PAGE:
Organisms producing CTX-M-β-lactamases are emerging around the world as a source of resistance to oxyiminocephalosporins such as cefotaxime (CTX). However, the laboratory detection of these strains is not well defined. In this study, a molecular detection assay for the identification of CTX-M-β-lactamase genes was developed and used to investigate the prevalence of these enzymes among clinical isolates of Escherichia coli and Klebsiella species in the Calgary Health Region during 2000 to 2002. In addition, National Committee for Clinical Laboratory Standards (NCCLS) recommendations were evaluated for the ability to detect isolates with CTX-M extended-spectrum β-lactamases (ESBLs). The PCR assay consisted of four primer sets and demonstrated 100% specificity and sensitivity for detecting different groups of CTX-M-β-lactamases in control strains producing well-characterized ESBLs. Using these primer sets, 175 clinical strains producing ESBLs were examined for the presence of CTX-M enzymes; 24 (14%) were positive for blaCTX-M-1-like genes, 95 (54%) were positive for blaCTX-M-14-like genes, and the remaining 56 (32%) were negative for blaCTX-M genes. Following the NCCLS recommendations for ESBL testing, all of the control and clinical strains were detected when screened with cefpodoxime and when both cefotaxime and ceftazidime with clavulanate were used as confirmation tests.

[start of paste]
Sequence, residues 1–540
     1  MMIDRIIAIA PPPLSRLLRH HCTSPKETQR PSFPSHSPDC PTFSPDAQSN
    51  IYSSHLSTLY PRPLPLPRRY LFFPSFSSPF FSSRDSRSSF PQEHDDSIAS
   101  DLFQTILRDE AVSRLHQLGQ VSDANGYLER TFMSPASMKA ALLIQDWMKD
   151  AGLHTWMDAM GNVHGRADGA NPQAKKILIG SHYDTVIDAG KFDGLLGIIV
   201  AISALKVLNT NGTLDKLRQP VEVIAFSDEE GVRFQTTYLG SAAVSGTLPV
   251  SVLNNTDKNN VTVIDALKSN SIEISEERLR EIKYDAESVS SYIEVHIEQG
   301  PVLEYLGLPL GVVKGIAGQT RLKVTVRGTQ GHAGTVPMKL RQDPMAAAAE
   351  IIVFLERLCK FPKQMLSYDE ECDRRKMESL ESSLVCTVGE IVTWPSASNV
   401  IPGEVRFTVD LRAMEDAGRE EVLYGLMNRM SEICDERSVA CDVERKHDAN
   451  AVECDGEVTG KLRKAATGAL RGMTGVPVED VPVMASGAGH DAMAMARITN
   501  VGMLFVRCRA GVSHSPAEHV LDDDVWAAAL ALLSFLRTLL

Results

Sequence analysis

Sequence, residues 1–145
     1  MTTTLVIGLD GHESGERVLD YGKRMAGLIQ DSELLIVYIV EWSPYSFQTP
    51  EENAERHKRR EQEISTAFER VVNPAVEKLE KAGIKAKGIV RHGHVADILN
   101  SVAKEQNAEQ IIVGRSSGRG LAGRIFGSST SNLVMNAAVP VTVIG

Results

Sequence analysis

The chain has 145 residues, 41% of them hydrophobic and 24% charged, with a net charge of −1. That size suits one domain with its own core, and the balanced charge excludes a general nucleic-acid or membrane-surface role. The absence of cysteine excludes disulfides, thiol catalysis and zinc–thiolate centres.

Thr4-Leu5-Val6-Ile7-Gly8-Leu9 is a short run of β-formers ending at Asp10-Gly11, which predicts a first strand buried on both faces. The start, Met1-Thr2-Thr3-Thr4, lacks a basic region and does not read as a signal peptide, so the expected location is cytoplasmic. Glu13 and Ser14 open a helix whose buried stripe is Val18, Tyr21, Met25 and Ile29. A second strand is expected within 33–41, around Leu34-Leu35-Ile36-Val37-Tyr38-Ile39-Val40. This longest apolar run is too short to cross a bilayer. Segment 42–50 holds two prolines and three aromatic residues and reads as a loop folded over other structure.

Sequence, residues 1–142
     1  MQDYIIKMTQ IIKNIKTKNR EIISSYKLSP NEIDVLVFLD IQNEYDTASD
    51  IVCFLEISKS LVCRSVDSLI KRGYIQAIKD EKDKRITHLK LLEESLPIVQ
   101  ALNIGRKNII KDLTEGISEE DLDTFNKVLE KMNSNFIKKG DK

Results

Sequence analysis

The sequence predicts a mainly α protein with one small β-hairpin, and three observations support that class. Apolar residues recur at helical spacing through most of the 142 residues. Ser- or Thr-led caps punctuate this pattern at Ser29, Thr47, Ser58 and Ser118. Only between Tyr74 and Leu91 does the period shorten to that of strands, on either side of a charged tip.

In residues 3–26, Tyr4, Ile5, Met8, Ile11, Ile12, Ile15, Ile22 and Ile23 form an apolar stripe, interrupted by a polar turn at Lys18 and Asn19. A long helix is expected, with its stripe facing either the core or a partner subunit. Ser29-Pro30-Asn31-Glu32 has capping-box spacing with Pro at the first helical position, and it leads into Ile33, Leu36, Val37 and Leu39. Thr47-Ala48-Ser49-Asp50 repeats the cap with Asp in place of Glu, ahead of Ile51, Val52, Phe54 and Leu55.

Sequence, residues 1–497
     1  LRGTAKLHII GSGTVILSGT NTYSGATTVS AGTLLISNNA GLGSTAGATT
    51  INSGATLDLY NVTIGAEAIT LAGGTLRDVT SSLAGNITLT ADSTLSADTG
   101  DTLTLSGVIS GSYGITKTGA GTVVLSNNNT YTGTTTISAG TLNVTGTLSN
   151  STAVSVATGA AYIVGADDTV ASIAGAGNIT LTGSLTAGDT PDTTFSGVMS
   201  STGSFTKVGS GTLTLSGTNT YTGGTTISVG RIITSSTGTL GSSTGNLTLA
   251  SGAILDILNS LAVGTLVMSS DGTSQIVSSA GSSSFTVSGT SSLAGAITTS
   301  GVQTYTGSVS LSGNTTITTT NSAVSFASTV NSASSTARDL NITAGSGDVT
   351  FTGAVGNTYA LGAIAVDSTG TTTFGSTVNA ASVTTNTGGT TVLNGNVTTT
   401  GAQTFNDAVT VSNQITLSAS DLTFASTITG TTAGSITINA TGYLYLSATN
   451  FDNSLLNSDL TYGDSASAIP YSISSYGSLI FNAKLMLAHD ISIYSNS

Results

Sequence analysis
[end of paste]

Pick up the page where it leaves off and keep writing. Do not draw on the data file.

All Science Journal Classification (ASJC) codes
- Microbiology (medical)